Student News

Doctoral student Nestor Ramirez named a Barbara Jackson Scholar

Nestor Ramirez

Nestor Ramirez, a doctoral student in Educational Policy, Organization and Leadership, has been named a Barbara Jackson Scholar by the University Council for Educational Administration.

The Jackson Scholars program was established by the UCEA to support promising graduate students of color in the field of educational leadership. The two-year program includes a structured mentoring program in which scholars are matched with faculty mentors, and a networking initiative that includes attendance at UCEA conventions and annual meetings of the American Educational Research Association.

Typically about 40 to 45 scholars are chosen from UCEA member programs at uniersities across the country.

Ramirez, who is working as a research education analyst at Research Triangle Institute while he completes his doctorate, is the son of Colombian immigrants. Born in Flushing, New York, Ramirez lived with his family in Florida before moving to Durham, where he graduated from Southern High School.

He became the first in his family to go to college when he first came to Carolina. Ramirez graduated in 2012, majoring in psychology with a minor in philosophy.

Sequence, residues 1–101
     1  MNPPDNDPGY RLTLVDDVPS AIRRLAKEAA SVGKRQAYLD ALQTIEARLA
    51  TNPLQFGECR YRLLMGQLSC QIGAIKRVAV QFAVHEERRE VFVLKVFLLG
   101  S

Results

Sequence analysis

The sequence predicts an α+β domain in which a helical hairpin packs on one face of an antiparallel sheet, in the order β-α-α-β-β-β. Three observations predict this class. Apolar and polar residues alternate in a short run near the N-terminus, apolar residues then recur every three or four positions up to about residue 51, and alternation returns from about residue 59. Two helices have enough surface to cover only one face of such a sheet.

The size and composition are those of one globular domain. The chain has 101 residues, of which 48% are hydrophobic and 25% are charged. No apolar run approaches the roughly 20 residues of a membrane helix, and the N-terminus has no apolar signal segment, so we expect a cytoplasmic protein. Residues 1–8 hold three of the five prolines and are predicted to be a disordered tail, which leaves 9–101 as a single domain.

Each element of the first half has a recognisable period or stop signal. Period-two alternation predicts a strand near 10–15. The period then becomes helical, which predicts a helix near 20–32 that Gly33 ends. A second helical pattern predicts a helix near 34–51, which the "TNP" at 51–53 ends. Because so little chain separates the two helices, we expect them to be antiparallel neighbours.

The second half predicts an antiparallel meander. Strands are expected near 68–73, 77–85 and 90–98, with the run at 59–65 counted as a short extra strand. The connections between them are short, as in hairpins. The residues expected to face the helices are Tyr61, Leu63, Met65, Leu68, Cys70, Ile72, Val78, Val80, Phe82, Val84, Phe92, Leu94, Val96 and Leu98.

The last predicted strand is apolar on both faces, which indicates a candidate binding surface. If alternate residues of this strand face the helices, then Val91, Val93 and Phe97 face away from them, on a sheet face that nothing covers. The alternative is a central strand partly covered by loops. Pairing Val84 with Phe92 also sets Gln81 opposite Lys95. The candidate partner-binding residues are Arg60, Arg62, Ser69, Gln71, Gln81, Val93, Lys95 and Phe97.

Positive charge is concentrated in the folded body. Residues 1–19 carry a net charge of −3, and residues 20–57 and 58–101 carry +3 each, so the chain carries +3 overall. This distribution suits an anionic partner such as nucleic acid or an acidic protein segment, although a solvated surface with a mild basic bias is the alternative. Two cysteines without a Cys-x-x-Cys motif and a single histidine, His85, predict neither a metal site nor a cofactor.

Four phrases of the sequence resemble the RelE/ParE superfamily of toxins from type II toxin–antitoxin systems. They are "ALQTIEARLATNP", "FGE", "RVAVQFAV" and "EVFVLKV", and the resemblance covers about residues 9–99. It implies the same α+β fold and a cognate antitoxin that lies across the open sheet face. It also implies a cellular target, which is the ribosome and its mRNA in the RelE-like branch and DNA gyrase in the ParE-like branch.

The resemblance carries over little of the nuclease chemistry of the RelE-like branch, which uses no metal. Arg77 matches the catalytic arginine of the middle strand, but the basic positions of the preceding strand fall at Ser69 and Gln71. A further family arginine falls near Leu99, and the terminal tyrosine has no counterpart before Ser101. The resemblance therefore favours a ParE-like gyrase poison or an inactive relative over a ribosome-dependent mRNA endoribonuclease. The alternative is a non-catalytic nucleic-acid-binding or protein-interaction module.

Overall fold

He spent two years as an adviser for the Carolina College Advising Corps, working in high schools in western North Carolina to help create a college-going culture, particularly for low-income and first-generation students.

Ramirez’s research focuses on college access and success, particularly for underrepresented students and students of color. His dissertation focuses on the role of geography and student mobility on college choices and decision-making.

After he completes his doctorate, Ramirez plans to continue work as a postsecondary researcher by incorporating survey methods and quantitative analysis to the study of first-time beginning college students nationwide.

The Jackson Scholars program is named after the late Barbara Jackson, who was a professor at the Graduate School of Education at Fordham University, and a widely published scholar in educational leadership. During a career in which she worked at Fordham University, Morgan State University and Atlanta University, she sought to support the advancement of scholars of color in educational leadership. She died in 2012.